This is the story of heroes and villains, of courage and sacrifice and, most of all, of people trying desperately to survive. And it is the story of an era now gone, of splendor and injustice, filled with the simple joy of living.

Trade Paperback / Audio Book

A Place Apart

Ron Rozelle, author of Into That Good Night and The Windows of Heaven, focuses again on his unique brand of characters and situations in a new novel set in modern-day Ohio

Sam, a reclusive underachiever with a long track record of failed marriages and aspirations, must face, in one short spurt of time, the imminent prospects of middle age, professional outplacement, and unwanted responsibilities toward both his father and his son, two men whom he has spent long and careful effort to distance himself from.

A Place Apart is at once witty and wry and beautiful, filled with vivid description and sharp dialogue. It hits solidly on dilemmas faced daily by many people in many places by telling a compelling story of one man in one place. It is a finely honed novel that will continue to sing a haunting, recognizable song long after the reader has finished the last page.

Hardcover / Trade Paperback / Kindle / Audio Book

Touching Winter: A Novel in Four Parts

Touching Winter is a four-part evocation of memory and place and the yearning for home. Each part of the novel begins with a meditation on one aspect of the protagonist’s life as he watches the unpredictable weather of East Texas. When Will was a young boy, he and his grandfather enjoyed being out in the spectacular East Texas storms. These sessions taught Will many things about life—ranching, weather, character; how to be a man—and bound Will to the family land and to his grandfather. Only at the ranch does Will feel like the person he was, or would like to be, before wrong decisions turned his life down an entirely different path.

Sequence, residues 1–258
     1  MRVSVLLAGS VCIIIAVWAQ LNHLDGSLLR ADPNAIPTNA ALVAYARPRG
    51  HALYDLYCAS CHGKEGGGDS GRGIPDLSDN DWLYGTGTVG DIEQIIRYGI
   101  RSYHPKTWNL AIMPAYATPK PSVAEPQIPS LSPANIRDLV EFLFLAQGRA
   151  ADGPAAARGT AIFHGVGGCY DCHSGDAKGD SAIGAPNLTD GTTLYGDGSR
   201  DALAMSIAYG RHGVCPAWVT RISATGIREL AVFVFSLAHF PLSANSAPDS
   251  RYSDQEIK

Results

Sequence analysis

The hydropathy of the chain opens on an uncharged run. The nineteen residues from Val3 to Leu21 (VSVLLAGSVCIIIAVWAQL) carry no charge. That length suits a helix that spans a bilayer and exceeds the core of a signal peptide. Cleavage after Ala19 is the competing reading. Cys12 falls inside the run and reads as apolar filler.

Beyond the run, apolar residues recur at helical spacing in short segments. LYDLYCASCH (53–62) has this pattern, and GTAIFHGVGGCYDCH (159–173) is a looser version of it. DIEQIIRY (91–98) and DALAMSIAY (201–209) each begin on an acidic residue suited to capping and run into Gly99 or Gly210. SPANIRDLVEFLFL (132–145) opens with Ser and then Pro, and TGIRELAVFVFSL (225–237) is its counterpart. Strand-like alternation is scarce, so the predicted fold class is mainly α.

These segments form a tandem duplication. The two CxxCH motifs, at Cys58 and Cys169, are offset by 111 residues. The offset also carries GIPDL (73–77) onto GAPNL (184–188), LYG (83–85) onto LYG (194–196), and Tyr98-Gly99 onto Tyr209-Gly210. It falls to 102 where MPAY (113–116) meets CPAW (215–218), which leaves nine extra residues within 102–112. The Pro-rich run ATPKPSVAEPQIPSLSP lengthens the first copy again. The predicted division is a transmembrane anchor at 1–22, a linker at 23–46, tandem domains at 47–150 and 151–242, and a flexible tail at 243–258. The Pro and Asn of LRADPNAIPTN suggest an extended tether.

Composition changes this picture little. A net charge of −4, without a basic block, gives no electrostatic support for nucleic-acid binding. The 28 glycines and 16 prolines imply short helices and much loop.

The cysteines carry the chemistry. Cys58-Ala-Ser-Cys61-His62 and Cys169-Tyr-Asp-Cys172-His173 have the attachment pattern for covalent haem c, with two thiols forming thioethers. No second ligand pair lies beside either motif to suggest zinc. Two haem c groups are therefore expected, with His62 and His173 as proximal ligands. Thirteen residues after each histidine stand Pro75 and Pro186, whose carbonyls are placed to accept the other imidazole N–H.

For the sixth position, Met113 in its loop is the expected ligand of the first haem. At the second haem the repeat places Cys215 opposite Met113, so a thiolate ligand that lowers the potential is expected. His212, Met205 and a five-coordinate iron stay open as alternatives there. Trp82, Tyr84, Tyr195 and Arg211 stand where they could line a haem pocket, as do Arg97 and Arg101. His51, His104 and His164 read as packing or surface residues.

A powerful, early romance turned disastrous, but the relationship haunts him. To compensate for lost love, Will carved a niche for himself in the competitive concrete industry, inventing a technique to make mixing trucks more efficient and becoming wealthier than he could have dreamed. His marriage to a Houston socialite is thin and brittle, unsatisfying for his wife, Lauren, and for himself. Their daughter Aimee lives in California, as far away from her family as possible.

As Will ages, he turns to the ranch as a place of clarity in times of crisis, eventually moving back there entirely. He exchanges the public life he and Lauren led in Houston for the simplicity of walks along the rustic fence, lunch at the town’s only diner with old friends, and long evenings on the porch watching the stars. Along the way, a fierce, red-breasted hawk comes to represent the spiritual for Will, and he is forced to face the consequences of earlier decisions.


Leaving the Country of Sin

Leaving the Country of Sin is a tale of Rafferty, who was saved as a teenager from a promising career of juvenile delinquency and slapped into a six-year hitch in the army to avoid jail time. Early on his anger and fierce resolve catch the attention of an officer in charge of a small cadre of soldiers who provide unique, subdued solutions to problems that are too sensitive for more obvious snipers or commandos.